By using modular webhooks integration in Beanstalk, you can choose other repository actions too to notify Jenkins jobs, like deployments, managing branches, managing code reviews etc.

Running Jenkins tests after deployment

In order to run Jenkins jobs after successful deployment, we will use pre/post deployment hooks. Using post deployment hooks allows you to run the tests once a deployment to your test environment finishes successfully.

Adding the webhook to deployment server in Beanstalk

In order to integrate with Jenkins, all you need to do is add the webhook you created for Jenkins job to your Beanstalk deployment server. In order to do that, go to your Beanstalk account, your repository -> deployments section -> deployment environment. Click on one of your deployment servers to which you would like to add post deployment hook.
Server Settings in Beanstalk

In Post-deployment URL field, add the web hook you just generated in Jenkins, for one of your Jenkins jobs. In our case the web hook URL would be:

Now that you added the post deployment web hook URL, you are integrated with Jenkins and you are ready to run the tests. Once you have deployed changes to your test environment from Beanstalk, Beanstalk will trigger your Jenkins job. The workflow is the following:

  • Make changes in your repository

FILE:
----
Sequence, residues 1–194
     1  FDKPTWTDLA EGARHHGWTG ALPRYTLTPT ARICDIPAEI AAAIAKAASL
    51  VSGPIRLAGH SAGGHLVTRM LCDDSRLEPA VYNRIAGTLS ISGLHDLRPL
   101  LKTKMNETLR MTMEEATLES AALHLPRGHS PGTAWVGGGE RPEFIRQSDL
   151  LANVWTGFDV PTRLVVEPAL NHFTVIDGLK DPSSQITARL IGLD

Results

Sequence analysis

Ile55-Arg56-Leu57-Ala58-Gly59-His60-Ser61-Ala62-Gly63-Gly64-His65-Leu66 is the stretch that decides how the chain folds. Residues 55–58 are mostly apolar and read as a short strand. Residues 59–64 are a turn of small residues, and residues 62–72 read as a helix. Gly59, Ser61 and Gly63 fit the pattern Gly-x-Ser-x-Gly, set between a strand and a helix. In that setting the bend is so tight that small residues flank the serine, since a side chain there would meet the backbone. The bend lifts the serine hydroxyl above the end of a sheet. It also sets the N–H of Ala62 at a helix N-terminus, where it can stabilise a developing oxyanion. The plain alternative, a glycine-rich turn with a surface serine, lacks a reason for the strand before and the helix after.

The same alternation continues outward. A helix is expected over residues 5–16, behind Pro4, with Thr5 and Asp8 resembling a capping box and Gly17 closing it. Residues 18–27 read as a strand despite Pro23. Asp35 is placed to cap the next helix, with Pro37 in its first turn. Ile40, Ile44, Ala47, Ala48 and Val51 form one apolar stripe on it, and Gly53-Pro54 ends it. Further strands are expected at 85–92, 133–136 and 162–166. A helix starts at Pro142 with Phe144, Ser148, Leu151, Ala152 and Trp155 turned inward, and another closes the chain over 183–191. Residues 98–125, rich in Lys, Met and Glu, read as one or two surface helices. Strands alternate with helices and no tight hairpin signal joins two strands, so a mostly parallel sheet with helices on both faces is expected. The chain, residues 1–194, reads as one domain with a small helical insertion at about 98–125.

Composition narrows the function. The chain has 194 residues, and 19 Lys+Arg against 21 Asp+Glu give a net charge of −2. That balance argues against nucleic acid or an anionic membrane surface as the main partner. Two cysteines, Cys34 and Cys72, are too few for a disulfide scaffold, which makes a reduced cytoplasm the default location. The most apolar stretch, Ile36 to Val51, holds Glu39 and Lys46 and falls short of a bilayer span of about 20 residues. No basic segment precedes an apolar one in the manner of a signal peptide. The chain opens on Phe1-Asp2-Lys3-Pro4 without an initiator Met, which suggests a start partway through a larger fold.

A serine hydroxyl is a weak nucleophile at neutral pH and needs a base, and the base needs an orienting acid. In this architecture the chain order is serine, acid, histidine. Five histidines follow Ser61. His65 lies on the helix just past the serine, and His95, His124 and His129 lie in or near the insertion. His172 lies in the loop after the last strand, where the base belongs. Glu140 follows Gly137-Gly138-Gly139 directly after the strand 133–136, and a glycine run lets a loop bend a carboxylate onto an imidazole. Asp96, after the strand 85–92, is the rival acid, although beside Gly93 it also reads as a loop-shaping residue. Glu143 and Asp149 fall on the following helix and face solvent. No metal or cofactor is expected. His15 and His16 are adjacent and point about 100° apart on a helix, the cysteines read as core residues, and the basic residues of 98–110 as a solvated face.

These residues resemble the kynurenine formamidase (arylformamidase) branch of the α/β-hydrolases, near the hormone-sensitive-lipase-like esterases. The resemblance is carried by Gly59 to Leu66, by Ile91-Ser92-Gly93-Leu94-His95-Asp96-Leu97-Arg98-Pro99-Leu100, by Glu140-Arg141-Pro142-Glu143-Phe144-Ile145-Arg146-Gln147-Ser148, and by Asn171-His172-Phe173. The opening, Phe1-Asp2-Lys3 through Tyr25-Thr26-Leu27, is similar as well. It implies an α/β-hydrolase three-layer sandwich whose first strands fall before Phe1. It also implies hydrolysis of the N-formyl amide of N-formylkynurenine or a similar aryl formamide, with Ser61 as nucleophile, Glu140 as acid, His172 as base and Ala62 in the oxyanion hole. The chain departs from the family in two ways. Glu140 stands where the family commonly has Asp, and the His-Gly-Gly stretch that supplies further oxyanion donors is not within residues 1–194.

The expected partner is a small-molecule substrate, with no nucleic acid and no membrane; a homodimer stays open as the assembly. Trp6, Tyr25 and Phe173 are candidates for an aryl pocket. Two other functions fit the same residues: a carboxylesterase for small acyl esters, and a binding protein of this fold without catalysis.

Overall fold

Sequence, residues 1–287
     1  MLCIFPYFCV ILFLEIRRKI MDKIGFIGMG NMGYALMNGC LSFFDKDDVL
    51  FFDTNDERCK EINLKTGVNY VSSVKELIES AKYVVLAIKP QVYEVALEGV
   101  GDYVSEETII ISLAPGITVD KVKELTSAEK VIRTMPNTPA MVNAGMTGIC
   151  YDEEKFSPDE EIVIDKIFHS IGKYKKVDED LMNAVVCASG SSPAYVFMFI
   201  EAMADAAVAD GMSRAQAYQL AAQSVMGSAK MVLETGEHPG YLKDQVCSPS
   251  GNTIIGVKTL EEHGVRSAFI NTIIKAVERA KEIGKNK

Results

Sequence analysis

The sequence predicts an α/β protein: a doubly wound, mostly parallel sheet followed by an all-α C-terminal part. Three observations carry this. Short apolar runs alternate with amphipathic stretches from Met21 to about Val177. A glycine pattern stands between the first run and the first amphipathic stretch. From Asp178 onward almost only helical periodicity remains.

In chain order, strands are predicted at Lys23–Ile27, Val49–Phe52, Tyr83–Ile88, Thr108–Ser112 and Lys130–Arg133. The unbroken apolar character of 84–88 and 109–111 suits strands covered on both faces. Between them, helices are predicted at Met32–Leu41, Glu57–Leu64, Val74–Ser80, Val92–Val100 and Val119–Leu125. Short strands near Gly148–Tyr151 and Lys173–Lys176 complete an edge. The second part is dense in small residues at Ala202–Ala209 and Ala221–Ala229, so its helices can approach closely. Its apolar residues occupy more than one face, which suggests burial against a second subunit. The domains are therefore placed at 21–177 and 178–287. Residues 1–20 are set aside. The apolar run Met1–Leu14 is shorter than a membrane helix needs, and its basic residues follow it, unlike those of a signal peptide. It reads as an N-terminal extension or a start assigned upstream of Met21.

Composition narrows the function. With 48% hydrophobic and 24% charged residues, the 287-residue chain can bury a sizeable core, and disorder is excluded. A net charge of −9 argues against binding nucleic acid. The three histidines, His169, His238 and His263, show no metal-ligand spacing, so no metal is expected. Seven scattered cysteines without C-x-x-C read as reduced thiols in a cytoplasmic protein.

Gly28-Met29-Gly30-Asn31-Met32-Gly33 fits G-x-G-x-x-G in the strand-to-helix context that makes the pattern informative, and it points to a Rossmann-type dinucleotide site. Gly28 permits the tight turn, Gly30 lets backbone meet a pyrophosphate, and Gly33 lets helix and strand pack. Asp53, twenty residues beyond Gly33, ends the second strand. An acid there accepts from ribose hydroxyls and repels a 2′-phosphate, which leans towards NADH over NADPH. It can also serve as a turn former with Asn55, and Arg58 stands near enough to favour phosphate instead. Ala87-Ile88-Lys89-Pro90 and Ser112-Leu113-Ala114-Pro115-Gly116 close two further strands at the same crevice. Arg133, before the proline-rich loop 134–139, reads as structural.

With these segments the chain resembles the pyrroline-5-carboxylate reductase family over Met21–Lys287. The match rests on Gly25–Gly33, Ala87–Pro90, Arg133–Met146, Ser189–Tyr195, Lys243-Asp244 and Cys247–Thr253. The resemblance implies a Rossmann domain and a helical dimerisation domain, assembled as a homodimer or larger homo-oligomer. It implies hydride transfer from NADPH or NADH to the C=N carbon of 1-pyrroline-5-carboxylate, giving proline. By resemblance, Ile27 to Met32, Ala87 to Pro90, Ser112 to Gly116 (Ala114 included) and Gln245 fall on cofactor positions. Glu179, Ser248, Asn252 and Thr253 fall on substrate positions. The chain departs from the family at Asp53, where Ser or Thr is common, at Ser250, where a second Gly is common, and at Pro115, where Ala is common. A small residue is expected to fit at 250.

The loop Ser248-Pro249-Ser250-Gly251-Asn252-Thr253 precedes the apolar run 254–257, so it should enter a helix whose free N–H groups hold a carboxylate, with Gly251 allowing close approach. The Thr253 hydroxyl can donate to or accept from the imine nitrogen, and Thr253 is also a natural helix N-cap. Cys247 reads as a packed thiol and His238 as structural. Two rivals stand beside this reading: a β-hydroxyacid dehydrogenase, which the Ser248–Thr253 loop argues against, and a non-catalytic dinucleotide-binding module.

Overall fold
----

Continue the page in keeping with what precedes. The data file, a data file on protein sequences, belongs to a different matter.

• Deploy changes through Beanstalk to your test environment
  • Once deployment is finished, notify/trigger Jenkins jobs

This setup is usually used by QA teams, which deploy changes through Beanstalk to staging environment, and then run Jenkins tests.

You can fine tune your setup to add email notifications to your deployments as well. This way your team will get an email when the deployment has passed and when the Jenkins job has passed/failed.

Jenkins polling Beanstalk changes

In order to execute Jenkins job based on Beanstalk repository updates, you will need to configure your Jenkins job. To do that, go to a newly or pre-created Jenkins job. In Source Code Management section select GIT or Subversion, depending on your Beanstalk repository.


Based on your repository preference, enter the appropriate repository URL. To make things simple, we chose HTTPS URL for GIT. In order to connect to repository, don't forget to include credentials too. If everything looks ok, you should not see any error messages.

Once you have setup connection to your Beanstalk repository, all we need to do is go to "Build Triggers" section and select "Poll SCM". In "Schedule" text field, write something like H/2 * * * * (the option here checks every 2 minutes): 

This will make sure that if there are any changes in your repository, the Jenkins job is triggered.

Once there are changes in repository on specific branch, Jenkins job will be triggered. The workflow here is similar to Adding the webhooks to modular integration in Beanstalk, though in this case, you have more control on when you want Jenkins job to be triggered, which might not be each commit that made to repository.

There are many different ways for implementing CI into your own workflow and the possibilities we described here are only some of them. We tried to give you a quick glance on how you can integrate Jenkins with Beanstalk and do continuous integration fairly easy and quickly.